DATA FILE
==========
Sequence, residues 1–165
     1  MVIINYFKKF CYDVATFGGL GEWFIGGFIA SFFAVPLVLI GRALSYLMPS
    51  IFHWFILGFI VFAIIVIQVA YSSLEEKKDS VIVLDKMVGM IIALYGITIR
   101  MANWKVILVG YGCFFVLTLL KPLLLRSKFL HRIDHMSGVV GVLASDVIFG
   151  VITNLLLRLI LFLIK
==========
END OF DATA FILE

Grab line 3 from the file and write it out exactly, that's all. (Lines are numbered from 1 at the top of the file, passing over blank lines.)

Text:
    51  IFHWFILGFI VFAIIVIQVA YSSLEEKKDS VIVLDKMVGM IIALYGITIR